The three captive members of the Troika, now out of what they considered to be immediate danger, were beginning to show signs of dissatisfaction with their imprisonment. Warren, in particular, had been muttering words like ‘litigation’ and ‘personal injury’ since three o’ clock; in frustration, Buffy had finally gagged him with a pillowcase. Still, as Willow pointed out, they couldn’t keep them tied up against the living room wall forever.
They needed to break the code, and fast. The Troika weren’t their only complication – XandePierre was rapidly metamorphosing from a more-or-less-agreeable blank slate to someone much less benign. He’d shouted at Anya twice this afternoon, and once raised his hand as if to strike Tara, when she reached over to remove his not-quite-empty juice glass.
That had done it. Buffy had the Blue Tavernier in her pocket now, and XandePierre had his orders: sit, stay, and shut up.
He didn’t look happy, but so far it was working … should he show signs of restlessness, Buffy had only to curl her fingers around the smooth shiny lump in her pocket for him to lapse back into sullen, gray-eyed obedience.
Still. It was time to fix him for real.
Willow shook her head. “Some of this makes perfect sense,” she said. “And then some of it’s … well, it’s just very random.”
Buffy raised an eyebrow. “I was thinking it was ALL random.”
“Well, this seems pretty self-explanatory. ‘When one of us is lost, is not here, he must be inside us.’ The lost one has to be Xander, and we’re the ones who have the information; we just don’t know what it is.”
Willow stabbed at the page with her forefinger. “And ‘There’s no place like that anywhere in the world’ – I think that must mean that we don’t need to travel to any particular place, or have any particular equipment, for the reversal spell to work. We’ve got everything we need.”
“Some of it has to be metaphor, too,” Anya chimed in. “That business about not looking back – you see that a lot. You know. In those motivational business catalogs.” She didn’t appear to notice the rolled eyes that accompanied this statement, just looked thoughtful. “And this part, about being able to say ‘it’s nothing’ and have it really BE nothing – well, that’s just literature. Very Sartrian.”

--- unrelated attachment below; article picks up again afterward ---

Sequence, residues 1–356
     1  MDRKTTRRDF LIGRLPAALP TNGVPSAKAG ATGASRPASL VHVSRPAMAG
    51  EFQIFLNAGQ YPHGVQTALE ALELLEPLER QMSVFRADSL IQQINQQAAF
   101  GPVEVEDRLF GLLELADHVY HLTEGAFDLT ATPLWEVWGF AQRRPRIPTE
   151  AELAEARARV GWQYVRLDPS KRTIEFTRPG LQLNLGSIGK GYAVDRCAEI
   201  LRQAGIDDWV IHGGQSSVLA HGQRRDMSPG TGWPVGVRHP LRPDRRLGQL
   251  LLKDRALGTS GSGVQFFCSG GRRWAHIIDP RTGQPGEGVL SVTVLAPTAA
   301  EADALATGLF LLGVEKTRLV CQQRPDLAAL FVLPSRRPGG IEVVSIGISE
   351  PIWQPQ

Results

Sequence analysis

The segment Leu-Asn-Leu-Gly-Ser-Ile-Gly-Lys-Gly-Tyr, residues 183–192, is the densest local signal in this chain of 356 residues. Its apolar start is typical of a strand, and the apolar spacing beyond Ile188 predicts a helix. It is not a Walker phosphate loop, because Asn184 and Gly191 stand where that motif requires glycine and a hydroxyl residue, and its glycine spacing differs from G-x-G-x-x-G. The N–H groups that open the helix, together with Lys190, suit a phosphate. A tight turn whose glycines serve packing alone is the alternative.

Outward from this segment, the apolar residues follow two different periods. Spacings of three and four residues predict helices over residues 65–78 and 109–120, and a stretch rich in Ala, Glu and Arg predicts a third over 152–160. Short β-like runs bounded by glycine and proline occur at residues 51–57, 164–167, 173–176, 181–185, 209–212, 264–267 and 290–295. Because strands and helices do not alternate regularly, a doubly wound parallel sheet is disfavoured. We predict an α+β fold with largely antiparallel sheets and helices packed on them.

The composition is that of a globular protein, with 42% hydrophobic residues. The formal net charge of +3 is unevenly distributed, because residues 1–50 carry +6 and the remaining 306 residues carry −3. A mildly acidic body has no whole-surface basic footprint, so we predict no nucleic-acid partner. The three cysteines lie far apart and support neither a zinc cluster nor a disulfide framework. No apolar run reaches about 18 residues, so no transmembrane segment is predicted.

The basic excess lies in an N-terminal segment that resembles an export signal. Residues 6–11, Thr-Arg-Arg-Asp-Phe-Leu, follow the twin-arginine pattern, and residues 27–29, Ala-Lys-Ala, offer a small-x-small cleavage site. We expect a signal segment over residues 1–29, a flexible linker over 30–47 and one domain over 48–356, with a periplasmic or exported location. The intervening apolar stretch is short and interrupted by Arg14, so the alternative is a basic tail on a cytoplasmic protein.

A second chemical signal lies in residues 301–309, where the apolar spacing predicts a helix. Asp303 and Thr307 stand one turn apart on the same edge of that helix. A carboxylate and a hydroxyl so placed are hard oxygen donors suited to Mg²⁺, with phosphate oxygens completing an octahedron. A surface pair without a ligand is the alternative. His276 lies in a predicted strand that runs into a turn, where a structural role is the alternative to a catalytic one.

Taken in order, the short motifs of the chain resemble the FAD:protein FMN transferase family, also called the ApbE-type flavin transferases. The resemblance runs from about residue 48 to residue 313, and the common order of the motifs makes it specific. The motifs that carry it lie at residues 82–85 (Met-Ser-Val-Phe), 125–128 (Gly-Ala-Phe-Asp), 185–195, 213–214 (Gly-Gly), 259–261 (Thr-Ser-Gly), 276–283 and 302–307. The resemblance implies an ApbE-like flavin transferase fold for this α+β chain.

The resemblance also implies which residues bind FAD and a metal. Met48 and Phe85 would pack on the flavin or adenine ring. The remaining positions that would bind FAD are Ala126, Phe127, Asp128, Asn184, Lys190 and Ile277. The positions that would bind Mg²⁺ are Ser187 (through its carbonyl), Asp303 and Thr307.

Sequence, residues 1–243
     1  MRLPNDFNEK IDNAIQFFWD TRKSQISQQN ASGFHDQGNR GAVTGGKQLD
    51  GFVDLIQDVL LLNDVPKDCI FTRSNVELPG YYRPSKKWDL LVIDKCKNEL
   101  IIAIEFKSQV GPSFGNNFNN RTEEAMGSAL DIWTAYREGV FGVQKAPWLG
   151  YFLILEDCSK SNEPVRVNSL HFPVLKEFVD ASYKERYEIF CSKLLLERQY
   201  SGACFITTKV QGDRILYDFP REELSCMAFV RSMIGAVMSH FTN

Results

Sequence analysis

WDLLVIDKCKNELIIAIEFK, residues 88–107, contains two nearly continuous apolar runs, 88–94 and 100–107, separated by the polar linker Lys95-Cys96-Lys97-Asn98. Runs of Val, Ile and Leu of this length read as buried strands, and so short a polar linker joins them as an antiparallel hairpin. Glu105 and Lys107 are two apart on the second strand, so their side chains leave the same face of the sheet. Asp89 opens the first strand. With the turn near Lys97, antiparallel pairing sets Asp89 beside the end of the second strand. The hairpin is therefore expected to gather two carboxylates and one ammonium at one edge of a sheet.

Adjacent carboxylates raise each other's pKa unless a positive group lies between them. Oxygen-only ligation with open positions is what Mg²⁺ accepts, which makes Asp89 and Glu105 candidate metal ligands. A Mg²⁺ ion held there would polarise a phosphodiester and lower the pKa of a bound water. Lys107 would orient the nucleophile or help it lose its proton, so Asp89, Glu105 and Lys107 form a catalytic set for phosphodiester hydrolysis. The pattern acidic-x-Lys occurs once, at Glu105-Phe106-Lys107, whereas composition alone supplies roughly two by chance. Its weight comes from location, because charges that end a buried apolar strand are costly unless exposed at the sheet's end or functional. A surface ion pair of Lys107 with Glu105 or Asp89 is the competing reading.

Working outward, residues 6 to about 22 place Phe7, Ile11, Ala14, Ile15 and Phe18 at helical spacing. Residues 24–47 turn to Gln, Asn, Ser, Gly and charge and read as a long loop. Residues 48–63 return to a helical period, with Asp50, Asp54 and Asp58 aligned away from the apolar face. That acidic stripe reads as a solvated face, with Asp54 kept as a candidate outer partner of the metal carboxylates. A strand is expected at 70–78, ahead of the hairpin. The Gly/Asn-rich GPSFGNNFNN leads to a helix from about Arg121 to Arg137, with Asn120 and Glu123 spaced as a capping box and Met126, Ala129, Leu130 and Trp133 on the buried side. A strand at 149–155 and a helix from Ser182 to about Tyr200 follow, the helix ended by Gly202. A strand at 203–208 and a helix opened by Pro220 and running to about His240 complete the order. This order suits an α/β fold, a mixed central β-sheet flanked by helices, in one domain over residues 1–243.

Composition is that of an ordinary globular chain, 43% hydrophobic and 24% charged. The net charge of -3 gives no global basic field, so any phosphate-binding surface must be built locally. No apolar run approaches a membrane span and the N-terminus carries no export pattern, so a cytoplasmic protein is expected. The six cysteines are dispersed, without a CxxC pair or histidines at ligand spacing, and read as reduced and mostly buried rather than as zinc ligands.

Willow’s head came up like a napping cat who’s just heard the can opener. “Anya,” she said. “What did you say?”
“Sartre,” Anya said. “French existentialist writer. Very influential.” She sniffed. “Even vengeance demons read, you know.”
“You’re a genius,” Willow said, and pounded her forehead with the heel of her hand. “Why didn’t I see it before? It’s Sartre’s mirror theory. Has to be.”
Buffy looked at her blankly. “What?”
“I don’t know, Red,” Spike said. “Ol’ Jean-Paul came along about a hundred years too late for the French Revolution.” Willow shook her head.
“I don’t think it matters,” she said. “The idea was in the French school of thought long before he codified it. It’s worth a try, anyway.”
“Will.” Buffy rolled her eyes. “Could you please, PLEASE speak English?”
“Oh. Sorry.” Willow bit her lip. “I really don’t know where to start.”
“Let me,” Spike said, and ran his tongue over his teeth. “Okay. Basically, Sartre believed that one person’s reality is shaped by how other people view it.”
Buffy looked blank.
He tried again. “That you become what is reflected back to you by your society,” he said. “The people around you. Your mirror.”
Buffy frowned. “So we’re all just supposed to look at XandePierre and THINK him into turning back into Xander?”
“No,” Willow said. “I don’t think it’s meant literally here. It’s just a clue. We have to use a mirror for the spell.” She nodded emphatically. “It makes all kinds of sense, Buffy. A mirror’s a very powerful symbol of reversal.”
“Okay,” Buffy said. “But then, that leaves the parts about the cloth and the clothes and the pain. Which I’m assuming are pretty significant, too.”
Tara poked her head into the living room. “Dinner.”
They laid the papers aside, turned the lights out on the muffled protests of the Troika, and trooped into the dining room. Buffy was just about to dig into her rice pilaf when she heard a car drive up and stop.
“We expecting anyone?”
They all sat staring at each other. Had someone missed the Troika? Had they left a clue?
Were they about to get busted? Buffy fingered the diamond in her pocket and felt her heart sink.
Footsteps on the walk. A knock on the door. It opened.
“Hello?” Stamping feet on the mat. “Hello? Buffy? Willow? Anyone home?”
Continued in Chapter Fifteen